Tax and Illicit flows

What are illustrative commitments

Illustrative Commitments

  • Introduction

    Taxation provides funds to invest in development, relieve poverty, deliver public services and build the physical and social infrastructure for long-term growth. Taxation is also a crucial part of the social contract that binds citizens and states, ensuring government is accountable. Fair and efficient tax systems can contribute to good governance by establishing a bargaining process between states and citizens. States that rely on their citizens for income also have to take their demands into account (Corbacho et al, 2013).

    Most OECD members have a broad base for direct and indirect taxes, with tax liability covering the vast majority of citizens and firms. Countries at lower incomes often face more severe social, political and administrative obstacles and so can be especially vulnerable to tax evasion and avoidance efforts of individual and corporate taxpayers.In addition, many of the same instruments and channels used to defeat tax systems – from opaque company ownership and accounts, to mispriced trade through secrecy jurisdictions (‘tax havens’) – are used for a range of other flows that undermine both public finances and governance. These include laundering the proceeds of crime, theft of state assets and bribery of public officials (van der Does de Willebois et al, 2011).

    International flows of investment and trade mean that policy decisions in one country can have far reaching impacts. A lack of financial transparency in one jurisdiction can allow assets and income streams to be moved around, and hidden in ways that undermine regulation and taxation in other jurisdictions. International rules and institutions are critical, but each country has a responsibility to raise its own standards – which will limit abuses and support improved corporate governance both domestically, and for trading partners.

    Financial transparency concerns the disclosure of all financial information that allows governments to effectively regulate and tax economic and financial activity, private sectors actors including investors to be confident others are operating by the same rules, and for civil society to hold all actors – public and private – accountable for their role in this (Murphy et al, 2009). It is crucial for well-functioning states and markets in several ways: it enables action against fraud and corruption, and enables public confidence in the effectiveness and fairness of taxation. It also improves market efficiency by facilitating price discovery, uncovering hidden costs, improving data quality and, more generally, by ensuring a level playing field and fairer market conditions and allowing better analysis of the risks to investment.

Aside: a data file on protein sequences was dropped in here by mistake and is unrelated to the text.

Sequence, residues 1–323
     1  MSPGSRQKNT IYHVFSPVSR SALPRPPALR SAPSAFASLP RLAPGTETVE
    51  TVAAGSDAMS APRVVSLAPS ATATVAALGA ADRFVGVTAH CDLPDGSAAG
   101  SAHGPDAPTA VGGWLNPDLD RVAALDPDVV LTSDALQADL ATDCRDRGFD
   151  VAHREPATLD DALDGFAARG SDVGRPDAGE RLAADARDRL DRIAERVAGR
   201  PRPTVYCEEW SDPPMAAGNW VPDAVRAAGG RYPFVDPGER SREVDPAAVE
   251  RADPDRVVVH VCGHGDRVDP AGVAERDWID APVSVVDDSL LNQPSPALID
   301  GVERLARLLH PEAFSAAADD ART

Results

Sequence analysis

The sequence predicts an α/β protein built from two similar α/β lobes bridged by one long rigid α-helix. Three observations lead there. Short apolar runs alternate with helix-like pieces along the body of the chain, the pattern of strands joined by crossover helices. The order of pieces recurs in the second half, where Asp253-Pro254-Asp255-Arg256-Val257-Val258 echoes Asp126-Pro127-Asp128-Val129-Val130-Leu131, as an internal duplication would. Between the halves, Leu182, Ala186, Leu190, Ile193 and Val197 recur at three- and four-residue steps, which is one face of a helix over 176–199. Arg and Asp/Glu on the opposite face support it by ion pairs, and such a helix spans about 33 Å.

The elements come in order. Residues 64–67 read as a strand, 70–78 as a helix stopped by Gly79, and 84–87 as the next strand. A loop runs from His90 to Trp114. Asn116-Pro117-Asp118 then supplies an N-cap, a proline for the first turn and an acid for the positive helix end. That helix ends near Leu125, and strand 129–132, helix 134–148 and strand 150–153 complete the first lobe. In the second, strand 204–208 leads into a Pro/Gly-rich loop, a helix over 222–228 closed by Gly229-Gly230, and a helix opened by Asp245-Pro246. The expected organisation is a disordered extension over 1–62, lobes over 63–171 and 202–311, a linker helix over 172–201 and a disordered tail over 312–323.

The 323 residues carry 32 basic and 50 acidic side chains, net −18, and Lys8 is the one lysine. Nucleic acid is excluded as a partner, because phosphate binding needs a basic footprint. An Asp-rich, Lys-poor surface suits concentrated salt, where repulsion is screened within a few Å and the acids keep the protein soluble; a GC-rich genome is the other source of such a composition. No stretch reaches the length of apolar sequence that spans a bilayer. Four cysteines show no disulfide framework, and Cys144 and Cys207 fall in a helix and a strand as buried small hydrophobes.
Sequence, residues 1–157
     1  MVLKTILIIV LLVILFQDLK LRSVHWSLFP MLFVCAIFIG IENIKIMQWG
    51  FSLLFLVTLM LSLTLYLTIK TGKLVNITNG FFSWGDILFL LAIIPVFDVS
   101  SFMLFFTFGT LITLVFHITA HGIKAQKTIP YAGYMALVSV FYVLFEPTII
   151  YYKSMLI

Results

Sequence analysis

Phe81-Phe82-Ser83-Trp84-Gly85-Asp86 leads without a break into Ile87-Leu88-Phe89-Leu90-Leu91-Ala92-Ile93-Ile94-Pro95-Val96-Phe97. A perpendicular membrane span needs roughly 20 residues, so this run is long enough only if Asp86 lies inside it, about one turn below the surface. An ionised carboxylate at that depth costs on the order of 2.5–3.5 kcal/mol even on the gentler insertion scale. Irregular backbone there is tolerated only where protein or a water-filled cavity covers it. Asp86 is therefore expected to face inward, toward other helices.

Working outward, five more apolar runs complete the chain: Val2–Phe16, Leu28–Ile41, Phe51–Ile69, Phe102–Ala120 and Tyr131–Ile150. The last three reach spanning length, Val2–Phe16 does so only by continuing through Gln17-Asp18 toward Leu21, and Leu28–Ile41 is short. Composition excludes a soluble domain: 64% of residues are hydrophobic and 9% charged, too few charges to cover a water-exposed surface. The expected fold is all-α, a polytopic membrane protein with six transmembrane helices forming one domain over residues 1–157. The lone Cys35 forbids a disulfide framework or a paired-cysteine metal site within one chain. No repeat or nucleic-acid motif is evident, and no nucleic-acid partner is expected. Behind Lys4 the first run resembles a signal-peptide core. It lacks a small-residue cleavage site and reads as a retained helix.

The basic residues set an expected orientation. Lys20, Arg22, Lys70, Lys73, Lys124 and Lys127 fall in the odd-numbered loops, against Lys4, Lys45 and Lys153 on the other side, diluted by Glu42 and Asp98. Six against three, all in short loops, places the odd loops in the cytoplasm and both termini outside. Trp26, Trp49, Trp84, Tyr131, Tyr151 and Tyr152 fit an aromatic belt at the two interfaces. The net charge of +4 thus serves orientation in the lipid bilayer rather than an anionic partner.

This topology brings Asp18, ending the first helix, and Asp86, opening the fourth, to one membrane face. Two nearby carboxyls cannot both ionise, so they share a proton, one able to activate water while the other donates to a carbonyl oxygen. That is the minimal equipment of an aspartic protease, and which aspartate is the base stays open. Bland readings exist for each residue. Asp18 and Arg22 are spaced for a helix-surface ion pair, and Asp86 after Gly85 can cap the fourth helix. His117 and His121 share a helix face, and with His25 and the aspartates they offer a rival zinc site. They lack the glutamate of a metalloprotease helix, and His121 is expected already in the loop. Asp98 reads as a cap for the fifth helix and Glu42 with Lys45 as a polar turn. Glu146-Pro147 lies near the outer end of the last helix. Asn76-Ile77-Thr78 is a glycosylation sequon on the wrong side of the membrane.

States provide companies with their legal standing, mandate disclosures and collect information about those companies. A major, common benefit of incorporation is limited personal liability; and this requires effective financial transparency about company performance to ensure confidence of business partners, customers and tax authorities; and effective transparency about ownership to guard against fraud, market manipulation and other criminal misuse of corporate vehicles. In this way, businesses and society benefit from states ensuring effective transparency, with compliance at the heart of the virtual circle.  However, in many countries, it is not even possible to confirm the existence of a company without payment of a fee. Furthermore, data about companies acting in multiple jurisdictions is even more challenging to obtain and at times may only present a partial or highly limited view of the company. The limited access and availability of data about companies and their work facilitates money laundering, tax evasion, bribery, the theft of public assets, financing of terrorism, and excessive risk-taking which can lead to systemic vulnerability.


    • Corbacho, A., V. Fretes Ciblis & E. Lora (Eds.), 2013, More than Revenue: Taxation as a development tool, IADB,
    • van der Does de Willebois, E., E. M. Halter, R. A. Harrison, J. Won Park & J.C. Sharman, 2011, The Puppet Masters: How the Corrupt Use Legal Structures to Hide Stolen Assets and What to Do About It, World Bank/UNODC Stolen Asset Recovery Initiative,
    • Murphy, R. & P. Sagar, 2009, ‘What is Financial Transparency?’, Mapping the Faultlines Series, Tax Justice Network,
  • Expert Organisations


    This chapter has been developed by Alex Cobham of the Center for Global Development with valuable inputs from BMZ, the IMF, Tom Cardamone, Maya Forstater, Martin Hearson, Vanessa Herringshaw, Anthea Lawson, Markus Meinzer, Richard Murphy and Robert Palmer.

  • Standards &
  • Examples in Practice

    EU member states exchange tax information under the Savings Directive

    The EU Savings Directive came into force in 2005 and was further revised in 2011. The ultimate aim of the Savings Directive is to enable savings income in the form of interest payments made in one Member State to beneficial owners who are individuals resident in another Member State to be made subject to effective taxation in accordance with the laws of the latter Member State. It includes agreement on automatic exchange on several types of income in the form of interest payments.

    Jersey requires beneficial owners to be identified and recorded by the JFSC Company Registry

    Jersey requires the beneficial owner to be identified and recorded by a government body, the JFSC Companies Registry within the Financial Services Commission, which is responsible for the regulation and supervision of the financial services industry. Beneficial ownership information provided at the time of application is checked against an external database and an internal regulatory database, and applicants often need to be (and in practice frequently are) asked to provide additional information.